## 1 grade-1 burger  0.33
## 2 grade-2 burger -0.60
## 3 grade-3 burger  0.85
## 4 grade-1  steak  0.92
## 5 grade-2  steak  1.19
## 6 grade-3  steak  0.77
## 7 grade-1  pizza -0.60
## 8 grade-2  pizza -0.39
## 9 grade-3  pizza  0.88

data_by_food = split(data, data$food) data_by_food ##$burger
##      meat   food value
## 1 grade-1 burger  0.33
## 2 grade-2 burger -0.60
## 3 grade-3 burger  0.85
##
## $steak ## meat food value ## 4 grade-1 steak 0.92 ## 5 grade-2 steak 1.19 ## 6 grade-3 steak 0.77 ## ##$pizza
##      meat  food value
## 7 grade-1 pizza -0.60
## 8 grade-2 pizza -0.39
## 9 grade-3 pizza  0.88

class(data_by_food)
##  "list"

x = data.frame(ID = 1:6, Product = c(rep("TV", 3), rep("Mobile", 3)))
x
##   ID Product
## 1  1      TV
## 2  2      TV
## 3  3      TV
## 4  4  Mobile
## 5  5  Mobile
## 6  6  Mobile

y = data.frame(ID = c(2,4,6), Made_in = c(rep("Japan", 2), rep("China", 1)))
y
## 1  2   Japan
## 2  4   Japan
## 3  6   China

merge(x, y, by = "ID") # Inner join
##   ID Product Made_in
## 1  2      TV   Japan
## 2  4  Mobile   Japan
## 3  6  Mobile   China

merge(x, y, by = "ID", all = TRUE) # Full outer join
##   ID Product Made_in
## 1  1      TV    <NA>
## 2  2      TV   Japan
## 3  3      TV    <NA>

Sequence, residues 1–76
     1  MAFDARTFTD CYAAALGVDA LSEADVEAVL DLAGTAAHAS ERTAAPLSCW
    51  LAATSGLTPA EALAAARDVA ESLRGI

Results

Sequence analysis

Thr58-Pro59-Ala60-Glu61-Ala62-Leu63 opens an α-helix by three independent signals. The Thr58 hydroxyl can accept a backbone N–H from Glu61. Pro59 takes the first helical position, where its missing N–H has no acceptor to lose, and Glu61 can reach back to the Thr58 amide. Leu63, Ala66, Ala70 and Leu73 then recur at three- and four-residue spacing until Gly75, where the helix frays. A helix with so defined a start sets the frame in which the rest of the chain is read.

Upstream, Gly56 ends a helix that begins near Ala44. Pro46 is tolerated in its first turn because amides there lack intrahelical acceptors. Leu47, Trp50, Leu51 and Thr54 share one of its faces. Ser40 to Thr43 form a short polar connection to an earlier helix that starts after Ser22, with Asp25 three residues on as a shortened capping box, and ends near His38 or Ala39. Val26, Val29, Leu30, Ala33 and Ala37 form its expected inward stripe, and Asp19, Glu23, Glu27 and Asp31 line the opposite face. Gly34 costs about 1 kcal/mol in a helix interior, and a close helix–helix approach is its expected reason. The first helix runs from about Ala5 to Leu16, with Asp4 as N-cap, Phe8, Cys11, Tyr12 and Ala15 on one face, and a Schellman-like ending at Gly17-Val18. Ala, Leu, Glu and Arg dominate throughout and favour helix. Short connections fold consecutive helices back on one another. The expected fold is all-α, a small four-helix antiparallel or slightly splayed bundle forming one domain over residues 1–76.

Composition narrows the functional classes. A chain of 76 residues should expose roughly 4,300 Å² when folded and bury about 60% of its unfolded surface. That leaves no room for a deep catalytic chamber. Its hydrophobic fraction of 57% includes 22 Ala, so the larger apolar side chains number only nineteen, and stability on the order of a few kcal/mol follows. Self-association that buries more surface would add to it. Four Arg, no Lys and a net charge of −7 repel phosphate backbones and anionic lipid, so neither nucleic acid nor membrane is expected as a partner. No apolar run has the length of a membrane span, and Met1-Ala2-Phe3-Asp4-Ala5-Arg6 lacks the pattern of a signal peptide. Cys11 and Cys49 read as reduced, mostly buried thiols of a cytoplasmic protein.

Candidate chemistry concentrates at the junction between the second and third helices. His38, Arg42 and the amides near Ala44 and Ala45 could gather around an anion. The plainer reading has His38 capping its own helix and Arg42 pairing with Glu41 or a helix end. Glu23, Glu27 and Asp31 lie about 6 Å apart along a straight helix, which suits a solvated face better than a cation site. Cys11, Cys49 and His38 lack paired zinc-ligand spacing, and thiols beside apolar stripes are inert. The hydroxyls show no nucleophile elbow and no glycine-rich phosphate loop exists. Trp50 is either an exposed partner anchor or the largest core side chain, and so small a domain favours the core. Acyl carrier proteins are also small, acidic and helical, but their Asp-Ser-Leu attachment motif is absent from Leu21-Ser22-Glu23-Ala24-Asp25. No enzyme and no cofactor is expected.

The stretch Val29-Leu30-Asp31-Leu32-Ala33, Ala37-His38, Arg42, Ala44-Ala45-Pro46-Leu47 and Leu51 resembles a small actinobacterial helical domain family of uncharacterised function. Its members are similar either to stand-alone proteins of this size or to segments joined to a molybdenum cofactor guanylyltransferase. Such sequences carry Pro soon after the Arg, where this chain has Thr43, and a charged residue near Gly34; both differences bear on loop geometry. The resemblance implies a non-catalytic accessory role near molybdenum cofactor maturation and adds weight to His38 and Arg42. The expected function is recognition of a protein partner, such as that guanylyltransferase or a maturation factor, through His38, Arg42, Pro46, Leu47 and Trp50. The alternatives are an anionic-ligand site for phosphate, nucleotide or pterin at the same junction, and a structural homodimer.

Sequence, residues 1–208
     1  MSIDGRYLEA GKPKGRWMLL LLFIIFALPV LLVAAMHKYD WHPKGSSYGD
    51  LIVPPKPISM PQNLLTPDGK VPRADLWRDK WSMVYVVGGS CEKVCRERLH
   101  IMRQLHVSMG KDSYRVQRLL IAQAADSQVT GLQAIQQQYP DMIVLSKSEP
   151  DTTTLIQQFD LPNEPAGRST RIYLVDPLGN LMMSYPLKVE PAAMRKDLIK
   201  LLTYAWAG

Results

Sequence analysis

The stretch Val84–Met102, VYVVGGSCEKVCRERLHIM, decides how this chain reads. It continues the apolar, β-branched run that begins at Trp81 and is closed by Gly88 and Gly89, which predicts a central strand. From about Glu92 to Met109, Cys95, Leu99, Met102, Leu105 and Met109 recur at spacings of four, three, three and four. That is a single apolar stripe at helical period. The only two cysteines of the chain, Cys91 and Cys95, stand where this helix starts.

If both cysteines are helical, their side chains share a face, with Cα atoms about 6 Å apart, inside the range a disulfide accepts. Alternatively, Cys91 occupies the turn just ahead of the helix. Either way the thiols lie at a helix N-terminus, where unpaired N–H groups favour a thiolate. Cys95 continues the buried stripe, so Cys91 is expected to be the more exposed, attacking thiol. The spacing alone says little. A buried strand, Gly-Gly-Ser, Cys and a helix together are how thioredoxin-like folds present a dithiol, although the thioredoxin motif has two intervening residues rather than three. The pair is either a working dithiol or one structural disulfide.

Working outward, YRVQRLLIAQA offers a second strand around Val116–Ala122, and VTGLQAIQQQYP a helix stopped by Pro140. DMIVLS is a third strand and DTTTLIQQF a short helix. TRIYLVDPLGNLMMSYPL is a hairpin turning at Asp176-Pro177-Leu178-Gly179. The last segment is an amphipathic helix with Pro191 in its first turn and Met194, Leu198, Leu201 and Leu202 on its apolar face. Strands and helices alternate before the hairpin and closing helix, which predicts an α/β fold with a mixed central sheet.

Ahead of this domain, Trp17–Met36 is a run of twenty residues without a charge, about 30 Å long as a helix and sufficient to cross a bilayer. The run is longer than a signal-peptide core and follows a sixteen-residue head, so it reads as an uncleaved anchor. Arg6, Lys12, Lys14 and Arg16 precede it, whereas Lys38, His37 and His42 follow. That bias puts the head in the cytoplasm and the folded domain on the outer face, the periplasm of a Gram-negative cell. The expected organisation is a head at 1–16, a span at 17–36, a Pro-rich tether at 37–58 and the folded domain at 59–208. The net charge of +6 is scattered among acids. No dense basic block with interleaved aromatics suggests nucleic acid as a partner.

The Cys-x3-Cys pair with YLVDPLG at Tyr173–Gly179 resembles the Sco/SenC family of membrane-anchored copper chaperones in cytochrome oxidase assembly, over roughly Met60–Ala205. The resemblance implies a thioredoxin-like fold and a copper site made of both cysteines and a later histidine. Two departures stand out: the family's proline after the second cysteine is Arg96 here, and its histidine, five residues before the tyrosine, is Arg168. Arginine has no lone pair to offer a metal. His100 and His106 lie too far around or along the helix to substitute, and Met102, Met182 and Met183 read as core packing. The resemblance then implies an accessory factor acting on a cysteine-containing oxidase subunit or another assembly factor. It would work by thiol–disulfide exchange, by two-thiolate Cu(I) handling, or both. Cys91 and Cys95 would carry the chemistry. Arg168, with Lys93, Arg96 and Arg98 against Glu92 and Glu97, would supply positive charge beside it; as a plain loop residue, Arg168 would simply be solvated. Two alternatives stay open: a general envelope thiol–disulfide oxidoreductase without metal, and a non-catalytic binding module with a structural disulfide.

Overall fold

## 4  4  Mobile   Japan
## 5  5  Mobile    <NA>
## 6  6  Mobile   China

## Regular expressions

Regular expressions (regex) are a simple way to find patterns in text. The most common functions implementing regex in R are in the global regular expression print (grep) family. For more information see help("regex") and help(grep). Learn more about regex functions in R at D-RUG. Following are some simple examples.

sub("a", "#", "abcdfa") # Substitution: substitue first "a" in the expression "abcdfa" with "#"
##  "#bcdfa"

gsub("a", "#", "abcdfa") # General substitution: substitue all "a" in the expression "abcdfa" with "#"
##  "#bcdf#"

substr("abcdef", 1, 3) # substr(x, start, stop)
##  "abc"

substr("abcdef", 1, regexpr("d","abcdef")) # From first to "d"
##  "abcd"

substr("abcdef", nchar("abcdef")+1-3, nchar("abcdef")) # First 3 caracters from right
##  "def"

grep("a", c("abc", "def", "cba a", "aa"), value = FALSE) # Shows arrays' number that include "a"
##  1 3 4

grep("a+", c("abc", "def", "cba a", "aa"), value = TRUE) # Shows expressions that include one or more "a"
##  "abc"   "cba a" "aa"

grepl("Jojo", "my name is Jojo") # True if "Jojo" is in the text
##  TRUE

grepl("^Jojo", "my name is Jojo") # True if "Jojo" is at the begining of the text
##  FALSE

grepl("Jojo$", "my name is Jojo") # True if "Jojo" is at the end of the text ##  TRUE grepl("[J-j]ojo", "my name is Jojo") # True if "Jojo" or "jojo" is in the text ##  TRUE pattern = "(\\d{3})[-. )]*(\\d{3})[-. ]*(\\d{4})" grep(pattern, "888-555-7766", value = TRUE) ##  "888-555-7766" r = regexec(pattern, "888-555-7766") regmatches("888-555-7766", r) ## [] ##  "888-555-7766" "888" "555" "7766" list.files(path = "./doc", pattern = "*.pdf$") # List of "pdf" files in "doc" directory
##  "file1.pdf"   "file2.pdf"